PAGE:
43. Steamboat Bill Jr. (Keaton, Kino Blu-ray)
44. The Thin Red Line (Malick, Criterion Blu-ray)
45. Tokyo Story / Brothers and Sisters of the Toda Family (Ozu BFI Blu-ray)
46. Une Femme Mariee (Godard, Masters of Cinema Blu-ray)
47. Vengeance is Mine (Imamura, Masters of Cinema Blu-ray)
48. Vengeance Trilogy (Park, Palisades Tartan Blu-ray)
49. Vivre sa Vie (Godard, Criterion Blu-ray)
50. The Young Girls of Rochefort (Demy, Arte Video Blu-ray)

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A Blu Red Circle

“The Buddha took a piece of red chalk and drew a circle, saying: ‘When men, though unaware of it, must meet again someday, they may follow diverging paths to the given day when, ineluctably, they will be reunited within the red circle.'” — Rama Krishna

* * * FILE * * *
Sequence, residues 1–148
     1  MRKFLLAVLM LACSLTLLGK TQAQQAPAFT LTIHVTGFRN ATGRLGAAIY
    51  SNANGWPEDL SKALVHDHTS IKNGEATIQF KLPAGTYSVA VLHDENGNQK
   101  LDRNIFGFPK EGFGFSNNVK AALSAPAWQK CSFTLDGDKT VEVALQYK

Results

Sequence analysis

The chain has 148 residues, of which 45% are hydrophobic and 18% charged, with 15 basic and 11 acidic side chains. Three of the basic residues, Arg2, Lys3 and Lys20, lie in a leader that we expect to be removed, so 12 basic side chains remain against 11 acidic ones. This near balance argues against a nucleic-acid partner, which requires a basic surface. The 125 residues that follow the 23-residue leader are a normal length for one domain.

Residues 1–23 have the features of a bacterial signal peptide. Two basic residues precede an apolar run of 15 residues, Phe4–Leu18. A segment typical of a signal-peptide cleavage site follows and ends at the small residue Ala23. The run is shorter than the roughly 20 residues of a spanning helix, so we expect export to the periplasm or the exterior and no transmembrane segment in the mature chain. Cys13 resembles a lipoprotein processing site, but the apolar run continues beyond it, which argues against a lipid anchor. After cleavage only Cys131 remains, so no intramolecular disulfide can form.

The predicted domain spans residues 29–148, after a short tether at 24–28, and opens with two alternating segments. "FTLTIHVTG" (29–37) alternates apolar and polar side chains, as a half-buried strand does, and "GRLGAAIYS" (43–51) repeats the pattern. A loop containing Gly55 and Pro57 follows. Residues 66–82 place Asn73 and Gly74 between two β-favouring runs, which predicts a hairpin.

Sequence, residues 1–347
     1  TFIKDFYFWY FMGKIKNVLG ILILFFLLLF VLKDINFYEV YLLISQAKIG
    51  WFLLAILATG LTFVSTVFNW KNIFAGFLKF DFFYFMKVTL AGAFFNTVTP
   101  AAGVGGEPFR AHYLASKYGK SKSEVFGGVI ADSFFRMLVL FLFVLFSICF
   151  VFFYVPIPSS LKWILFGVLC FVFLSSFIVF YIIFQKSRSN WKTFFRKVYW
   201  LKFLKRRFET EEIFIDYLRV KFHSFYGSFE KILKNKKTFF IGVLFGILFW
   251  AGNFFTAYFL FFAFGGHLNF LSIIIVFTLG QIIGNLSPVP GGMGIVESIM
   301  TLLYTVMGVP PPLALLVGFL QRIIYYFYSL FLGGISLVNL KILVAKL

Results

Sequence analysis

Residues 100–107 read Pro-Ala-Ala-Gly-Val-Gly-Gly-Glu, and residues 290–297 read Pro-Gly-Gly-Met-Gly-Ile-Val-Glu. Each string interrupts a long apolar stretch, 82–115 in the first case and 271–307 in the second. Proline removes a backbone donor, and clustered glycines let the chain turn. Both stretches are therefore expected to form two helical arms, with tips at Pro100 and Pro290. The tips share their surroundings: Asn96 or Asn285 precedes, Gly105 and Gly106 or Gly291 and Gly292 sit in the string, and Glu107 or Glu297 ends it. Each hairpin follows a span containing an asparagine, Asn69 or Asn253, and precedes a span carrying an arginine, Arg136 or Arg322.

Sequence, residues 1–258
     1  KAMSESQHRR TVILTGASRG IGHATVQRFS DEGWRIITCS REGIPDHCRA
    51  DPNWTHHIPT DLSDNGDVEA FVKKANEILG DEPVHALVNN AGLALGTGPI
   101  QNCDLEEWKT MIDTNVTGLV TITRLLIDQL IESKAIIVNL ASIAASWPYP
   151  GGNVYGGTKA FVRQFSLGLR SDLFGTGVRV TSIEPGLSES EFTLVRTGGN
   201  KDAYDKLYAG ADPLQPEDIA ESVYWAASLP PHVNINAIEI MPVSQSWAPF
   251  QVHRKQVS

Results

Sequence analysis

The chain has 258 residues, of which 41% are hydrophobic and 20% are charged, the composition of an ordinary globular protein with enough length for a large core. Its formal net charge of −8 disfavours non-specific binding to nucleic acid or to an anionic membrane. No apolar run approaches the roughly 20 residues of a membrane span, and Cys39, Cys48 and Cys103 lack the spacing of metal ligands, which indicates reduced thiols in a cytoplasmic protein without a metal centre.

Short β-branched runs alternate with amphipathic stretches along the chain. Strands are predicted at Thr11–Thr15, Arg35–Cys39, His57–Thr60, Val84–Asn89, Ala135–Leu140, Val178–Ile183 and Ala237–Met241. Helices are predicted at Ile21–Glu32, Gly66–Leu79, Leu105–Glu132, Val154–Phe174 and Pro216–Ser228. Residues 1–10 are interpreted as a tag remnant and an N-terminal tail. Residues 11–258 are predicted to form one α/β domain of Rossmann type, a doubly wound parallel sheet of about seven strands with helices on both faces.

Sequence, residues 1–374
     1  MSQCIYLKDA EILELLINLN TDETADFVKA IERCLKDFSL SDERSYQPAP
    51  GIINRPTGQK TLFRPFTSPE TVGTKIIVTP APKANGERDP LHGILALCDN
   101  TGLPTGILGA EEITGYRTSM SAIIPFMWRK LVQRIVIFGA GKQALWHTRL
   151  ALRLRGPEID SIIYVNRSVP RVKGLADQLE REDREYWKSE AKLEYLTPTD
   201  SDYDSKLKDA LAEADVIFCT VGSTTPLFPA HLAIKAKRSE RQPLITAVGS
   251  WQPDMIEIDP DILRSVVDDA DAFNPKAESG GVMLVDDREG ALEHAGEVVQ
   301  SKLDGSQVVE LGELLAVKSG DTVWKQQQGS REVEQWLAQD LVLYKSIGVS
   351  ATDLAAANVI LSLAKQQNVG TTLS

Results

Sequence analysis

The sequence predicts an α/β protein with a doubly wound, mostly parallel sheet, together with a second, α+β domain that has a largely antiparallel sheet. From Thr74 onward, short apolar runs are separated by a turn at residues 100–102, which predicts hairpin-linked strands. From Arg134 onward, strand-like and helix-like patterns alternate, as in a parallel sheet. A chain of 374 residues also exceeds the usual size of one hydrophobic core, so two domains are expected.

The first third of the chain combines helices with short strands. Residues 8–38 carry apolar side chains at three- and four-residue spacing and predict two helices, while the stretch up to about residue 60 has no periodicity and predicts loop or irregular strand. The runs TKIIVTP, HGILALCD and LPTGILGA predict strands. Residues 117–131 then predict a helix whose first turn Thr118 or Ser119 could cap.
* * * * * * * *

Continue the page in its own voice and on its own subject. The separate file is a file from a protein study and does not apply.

“All men are guilty.” — L’inspecteur général de la police

While watching Studio Canal’s newly released Blu-ray of Le Cercle Rouge, it struck me that Jean-Pierre Melville is to the French crime film what Sergio Leone is to the Spaghetti western: Melville, like Leone, made outrageously entertaining films that reflected a punch-drunk love for American genre fare, the conventions of which he inflated to a near-operatic scale after refracting them through his own unique cultural sensibility. And there is evidence that Melville wanted Le Cercle Rouge to be his magnum opus, as Once Upon a Time in the West was for Leone; it was his penultimate film and is permeated by a mood of fatalism even more pronounced than usual for this master of film noir. At times it feels like an epic, self-conscious attempt to outdo every heist picture ever made, including The Asphalt Jungle, Rififi and Melville’s own Le Doulos. As a series of bravura set pieces and a statement of existential despair, it just might succeed.